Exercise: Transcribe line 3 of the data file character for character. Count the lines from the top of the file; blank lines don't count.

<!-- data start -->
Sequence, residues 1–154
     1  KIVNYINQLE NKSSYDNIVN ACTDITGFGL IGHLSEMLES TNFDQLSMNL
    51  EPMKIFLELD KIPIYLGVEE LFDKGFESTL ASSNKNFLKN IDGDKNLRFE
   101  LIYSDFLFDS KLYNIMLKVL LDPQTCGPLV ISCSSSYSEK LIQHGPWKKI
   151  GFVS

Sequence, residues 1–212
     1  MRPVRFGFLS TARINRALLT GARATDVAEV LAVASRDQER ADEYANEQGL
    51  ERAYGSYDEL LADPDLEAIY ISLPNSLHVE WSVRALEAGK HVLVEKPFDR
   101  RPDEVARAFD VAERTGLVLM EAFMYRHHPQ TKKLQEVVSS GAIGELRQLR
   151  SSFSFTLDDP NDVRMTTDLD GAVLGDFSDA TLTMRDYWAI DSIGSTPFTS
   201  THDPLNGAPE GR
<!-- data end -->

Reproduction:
    51  EPMKIFLELD KIPIYLGVEE LFDKGFESTL ASSNKNFLKN IDGDKNLRFE